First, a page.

Trans isomers of EPA and DHA in refining and concentration of fish oils.
The omega-3 long-chain polyunsaturated fatty acids (LC-PUFA) eicosapentaenoic acid (EPA) and docosahexaenoic acid (DHA) are strongly recommended to be part of a normal diet due to the many positive health effects in humans. Health authorities in many countries recommend an average daily intake of 0.25 – 0.5 grams of EPA and DHA by eating fish at least twice a week or alternatively, consume fish oil supplements. The unsaturated fatty acids in native marine and vegetable lipids are all present as cis-isomers while trans-isomers are found in industrially hydrogenated oils and in minor amounts in fat from ruminants. The intake of large amounts of trans-fatty acids is considered to have serious negative health effects and the advices are to reduce the consumption as much as possible. Several processing steps are necessary to produce high quality fish oil supplements, including concentrated forms of EPA and DHA. These steps include high temperature processes that might induce transformation of cis-double bonds to trans-double bonds in the unsaturated fatty acids. The objectives of this thesis was determine if the processing conditions used at Nordic Pharma Inc. resulted in the formation of trans fatty acids in both natural “1812” fish oils (18 % EPA, 12 % DHA) and EPA/DHA concentrates and to investigate how time and temperature used in the processing steps affected the formation of trans fatty acids in fish oil concentrates. Initially, a method for the analysis of trans fatty acids in fish oils was established. Methylated standards of trans EPA and DHA were produced using p-toluenesulfinic acid as catalyst and separating the different isomers on high performance thin layer chromatography (HPTLC) plates impregnated with silver nitrate. A 100 meter SLB-IL111, the most polar gas chromatography (GC) column commercially available, was used to analyze the samples. The preparation and the separation of the trans standards on HPTLC plates was successful and gave sufficient amounts to optimize a temperature program for GC separation. The results from samples of processed fish oil showed that only minor amounts of trans fatty acids were formed during the processing conditions applied at Nordic Pharma Inc. The content of trans fatty acids was far below the amount allowed for such products. The SLB-IL111 column worked well as a tool for analysis of trans fatty acids in fish oil, but some further investigations are needed for this analysis system to be optimized. The temperature experiment showed that 200 °C for more than an hour was needed for the formation of larger amounts of trans LC-PUFA to occur. Keywords: Fish oil, industrial processing, trans fatty acids, EPA, DHA, SLB-IL111, silver ion TLC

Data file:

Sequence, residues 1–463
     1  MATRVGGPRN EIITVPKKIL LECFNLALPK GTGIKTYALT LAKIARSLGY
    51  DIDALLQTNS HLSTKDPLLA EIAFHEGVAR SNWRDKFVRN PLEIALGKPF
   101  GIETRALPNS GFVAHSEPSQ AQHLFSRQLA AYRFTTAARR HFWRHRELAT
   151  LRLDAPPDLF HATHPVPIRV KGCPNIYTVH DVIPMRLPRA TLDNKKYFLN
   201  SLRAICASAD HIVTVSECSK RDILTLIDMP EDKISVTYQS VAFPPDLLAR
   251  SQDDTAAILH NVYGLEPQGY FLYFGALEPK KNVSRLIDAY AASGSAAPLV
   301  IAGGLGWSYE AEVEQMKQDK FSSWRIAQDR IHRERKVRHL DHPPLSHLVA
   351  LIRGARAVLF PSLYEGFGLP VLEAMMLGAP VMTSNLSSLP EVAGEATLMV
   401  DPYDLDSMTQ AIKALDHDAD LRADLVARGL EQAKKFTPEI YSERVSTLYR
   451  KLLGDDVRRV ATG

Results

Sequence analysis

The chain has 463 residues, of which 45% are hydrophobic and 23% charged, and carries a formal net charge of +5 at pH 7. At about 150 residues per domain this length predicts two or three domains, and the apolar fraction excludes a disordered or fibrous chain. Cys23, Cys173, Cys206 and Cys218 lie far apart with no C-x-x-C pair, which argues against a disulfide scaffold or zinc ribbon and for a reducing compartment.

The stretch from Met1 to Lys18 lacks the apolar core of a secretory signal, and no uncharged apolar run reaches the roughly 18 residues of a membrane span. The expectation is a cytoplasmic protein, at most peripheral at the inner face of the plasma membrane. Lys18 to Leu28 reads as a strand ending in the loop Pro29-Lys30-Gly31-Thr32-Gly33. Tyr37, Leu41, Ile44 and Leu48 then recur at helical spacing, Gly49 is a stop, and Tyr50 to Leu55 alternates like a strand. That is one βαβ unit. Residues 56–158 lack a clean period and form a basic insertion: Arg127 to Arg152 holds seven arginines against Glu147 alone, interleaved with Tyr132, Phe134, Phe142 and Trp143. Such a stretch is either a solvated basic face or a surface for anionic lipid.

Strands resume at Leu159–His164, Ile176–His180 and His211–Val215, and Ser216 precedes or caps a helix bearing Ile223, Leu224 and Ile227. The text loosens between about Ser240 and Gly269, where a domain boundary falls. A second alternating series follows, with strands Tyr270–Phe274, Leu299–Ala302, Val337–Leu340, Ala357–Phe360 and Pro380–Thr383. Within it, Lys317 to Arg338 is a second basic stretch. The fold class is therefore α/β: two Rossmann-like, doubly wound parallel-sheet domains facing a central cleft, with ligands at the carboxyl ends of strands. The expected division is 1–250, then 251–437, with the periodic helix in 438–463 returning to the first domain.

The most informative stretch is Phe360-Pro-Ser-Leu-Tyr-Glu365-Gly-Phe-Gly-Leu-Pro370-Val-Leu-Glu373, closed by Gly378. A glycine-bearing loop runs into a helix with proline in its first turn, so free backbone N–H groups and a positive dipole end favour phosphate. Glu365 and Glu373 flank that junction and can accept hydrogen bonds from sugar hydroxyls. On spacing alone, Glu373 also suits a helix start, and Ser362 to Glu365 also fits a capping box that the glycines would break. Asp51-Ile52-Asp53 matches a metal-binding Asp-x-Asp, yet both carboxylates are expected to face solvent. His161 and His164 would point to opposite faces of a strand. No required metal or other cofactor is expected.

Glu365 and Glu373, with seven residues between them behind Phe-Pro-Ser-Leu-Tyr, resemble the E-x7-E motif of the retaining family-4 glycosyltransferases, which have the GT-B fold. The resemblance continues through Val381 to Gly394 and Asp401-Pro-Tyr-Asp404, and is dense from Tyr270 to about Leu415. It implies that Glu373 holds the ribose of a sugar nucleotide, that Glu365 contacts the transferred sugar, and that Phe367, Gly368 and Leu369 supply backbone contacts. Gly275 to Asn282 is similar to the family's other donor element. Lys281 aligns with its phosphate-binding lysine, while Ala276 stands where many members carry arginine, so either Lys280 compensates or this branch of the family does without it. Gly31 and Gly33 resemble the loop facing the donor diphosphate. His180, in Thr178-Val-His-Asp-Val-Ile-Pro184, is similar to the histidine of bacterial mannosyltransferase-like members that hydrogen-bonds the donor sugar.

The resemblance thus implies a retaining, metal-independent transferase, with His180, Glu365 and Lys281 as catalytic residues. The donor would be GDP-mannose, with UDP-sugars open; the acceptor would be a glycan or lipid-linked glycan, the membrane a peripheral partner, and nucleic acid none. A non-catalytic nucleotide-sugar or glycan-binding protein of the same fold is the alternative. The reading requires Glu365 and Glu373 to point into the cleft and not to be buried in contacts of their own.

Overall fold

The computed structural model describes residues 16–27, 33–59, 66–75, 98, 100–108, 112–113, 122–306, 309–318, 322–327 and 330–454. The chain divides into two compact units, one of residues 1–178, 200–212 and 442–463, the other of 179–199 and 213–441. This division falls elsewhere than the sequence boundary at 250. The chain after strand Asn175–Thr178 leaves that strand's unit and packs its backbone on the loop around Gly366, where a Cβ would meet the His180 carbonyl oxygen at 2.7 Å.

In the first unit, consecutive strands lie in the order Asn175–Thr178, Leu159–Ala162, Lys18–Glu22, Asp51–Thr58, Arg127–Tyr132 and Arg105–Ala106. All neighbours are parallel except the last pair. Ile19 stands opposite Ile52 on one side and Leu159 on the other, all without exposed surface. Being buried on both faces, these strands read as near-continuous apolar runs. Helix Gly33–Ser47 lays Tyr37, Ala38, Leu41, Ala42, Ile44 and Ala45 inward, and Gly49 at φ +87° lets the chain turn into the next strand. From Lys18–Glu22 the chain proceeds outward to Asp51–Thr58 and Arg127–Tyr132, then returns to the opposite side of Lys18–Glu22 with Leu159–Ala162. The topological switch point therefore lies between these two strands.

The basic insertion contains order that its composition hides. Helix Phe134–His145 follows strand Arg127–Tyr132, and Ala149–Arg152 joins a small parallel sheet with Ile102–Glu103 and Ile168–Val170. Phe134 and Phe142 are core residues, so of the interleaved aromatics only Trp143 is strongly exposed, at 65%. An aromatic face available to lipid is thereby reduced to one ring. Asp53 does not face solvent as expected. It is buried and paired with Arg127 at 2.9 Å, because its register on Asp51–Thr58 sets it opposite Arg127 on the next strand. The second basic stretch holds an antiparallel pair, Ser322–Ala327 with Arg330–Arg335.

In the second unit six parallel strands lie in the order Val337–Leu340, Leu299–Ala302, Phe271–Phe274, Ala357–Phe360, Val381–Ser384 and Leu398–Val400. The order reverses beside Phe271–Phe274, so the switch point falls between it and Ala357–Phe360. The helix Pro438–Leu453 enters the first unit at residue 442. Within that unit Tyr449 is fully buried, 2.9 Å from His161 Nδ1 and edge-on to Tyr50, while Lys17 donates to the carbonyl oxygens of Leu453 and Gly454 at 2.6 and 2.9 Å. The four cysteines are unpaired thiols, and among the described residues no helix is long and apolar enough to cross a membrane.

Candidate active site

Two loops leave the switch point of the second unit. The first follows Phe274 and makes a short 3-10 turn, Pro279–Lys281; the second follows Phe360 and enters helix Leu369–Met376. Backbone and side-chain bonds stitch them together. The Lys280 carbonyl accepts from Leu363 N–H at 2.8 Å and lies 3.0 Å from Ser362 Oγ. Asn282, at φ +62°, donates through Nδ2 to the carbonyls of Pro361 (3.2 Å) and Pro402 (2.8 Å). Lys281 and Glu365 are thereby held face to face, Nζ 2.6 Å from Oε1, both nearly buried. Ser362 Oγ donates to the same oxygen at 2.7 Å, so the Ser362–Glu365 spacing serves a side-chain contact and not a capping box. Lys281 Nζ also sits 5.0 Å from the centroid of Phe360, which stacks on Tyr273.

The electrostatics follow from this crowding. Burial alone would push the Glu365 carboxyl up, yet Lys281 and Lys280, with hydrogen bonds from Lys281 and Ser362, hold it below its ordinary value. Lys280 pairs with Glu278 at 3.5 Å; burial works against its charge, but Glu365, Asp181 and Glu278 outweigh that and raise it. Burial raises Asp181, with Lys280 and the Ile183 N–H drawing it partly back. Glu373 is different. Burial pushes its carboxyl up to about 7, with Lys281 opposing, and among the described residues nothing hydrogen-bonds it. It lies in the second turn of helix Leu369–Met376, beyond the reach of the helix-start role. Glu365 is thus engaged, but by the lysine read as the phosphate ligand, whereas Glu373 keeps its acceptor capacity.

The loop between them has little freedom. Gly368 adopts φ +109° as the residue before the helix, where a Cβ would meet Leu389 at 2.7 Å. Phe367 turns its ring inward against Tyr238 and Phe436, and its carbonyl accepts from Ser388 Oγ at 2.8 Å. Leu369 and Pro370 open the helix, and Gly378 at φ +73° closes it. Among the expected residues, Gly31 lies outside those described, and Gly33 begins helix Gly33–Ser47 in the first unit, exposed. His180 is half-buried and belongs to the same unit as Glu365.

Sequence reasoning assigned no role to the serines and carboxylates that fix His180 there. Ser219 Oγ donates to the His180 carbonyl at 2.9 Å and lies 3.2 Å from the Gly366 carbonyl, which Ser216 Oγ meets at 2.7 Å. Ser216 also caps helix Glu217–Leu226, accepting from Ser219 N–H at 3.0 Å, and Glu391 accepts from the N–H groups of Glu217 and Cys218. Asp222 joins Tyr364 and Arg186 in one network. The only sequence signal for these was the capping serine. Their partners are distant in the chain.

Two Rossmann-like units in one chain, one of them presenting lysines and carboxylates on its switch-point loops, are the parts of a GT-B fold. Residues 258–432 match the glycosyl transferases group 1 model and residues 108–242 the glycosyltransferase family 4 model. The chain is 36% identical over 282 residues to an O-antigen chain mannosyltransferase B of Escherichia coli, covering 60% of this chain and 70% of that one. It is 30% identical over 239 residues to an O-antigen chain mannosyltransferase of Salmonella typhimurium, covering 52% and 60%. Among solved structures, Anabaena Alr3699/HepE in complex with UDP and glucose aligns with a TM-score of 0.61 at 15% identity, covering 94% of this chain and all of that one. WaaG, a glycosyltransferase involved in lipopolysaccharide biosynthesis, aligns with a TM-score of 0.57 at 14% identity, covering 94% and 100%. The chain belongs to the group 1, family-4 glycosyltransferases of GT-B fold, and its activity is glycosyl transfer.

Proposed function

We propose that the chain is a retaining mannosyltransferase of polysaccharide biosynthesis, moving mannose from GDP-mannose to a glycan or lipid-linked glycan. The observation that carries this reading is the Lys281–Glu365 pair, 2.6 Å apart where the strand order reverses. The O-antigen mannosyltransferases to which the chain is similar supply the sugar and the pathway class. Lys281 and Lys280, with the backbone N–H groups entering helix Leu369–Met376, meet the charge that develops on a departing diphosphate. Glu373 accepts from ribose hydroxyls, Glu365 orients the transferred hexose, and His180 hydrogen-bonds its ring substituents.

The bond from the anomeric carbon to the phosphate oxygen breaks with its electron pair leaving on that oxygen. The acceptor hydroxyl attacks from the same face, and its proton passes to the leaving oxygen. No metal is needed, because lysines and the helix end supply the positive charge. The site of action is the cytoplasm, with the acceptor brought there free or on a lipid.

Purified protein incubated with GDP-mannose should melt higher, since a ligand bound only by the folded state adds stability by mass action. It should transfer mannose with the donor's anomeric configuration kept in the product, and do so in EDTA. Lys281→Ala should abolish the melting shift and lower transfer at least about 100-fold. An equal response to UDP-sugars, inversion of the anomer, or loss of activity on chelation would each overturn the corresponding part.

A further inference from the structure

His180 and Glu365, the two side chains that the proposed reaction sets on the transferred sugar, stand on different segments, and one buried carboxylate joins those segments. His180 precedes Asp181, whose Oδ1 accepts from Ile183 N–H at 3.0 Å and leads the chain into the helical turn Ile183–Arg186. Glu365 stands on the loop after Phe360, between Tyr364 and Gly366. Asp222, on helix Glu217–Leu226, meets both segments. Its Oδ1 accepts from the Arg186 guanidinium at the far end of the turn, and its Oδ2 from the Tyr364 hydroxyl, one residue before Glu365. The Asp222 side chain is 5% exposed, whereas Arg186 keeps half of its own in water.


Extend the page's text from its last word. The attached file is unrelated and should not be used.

ForlagUiT The Arctic University of Norway
UiT Norges arktiske universitet
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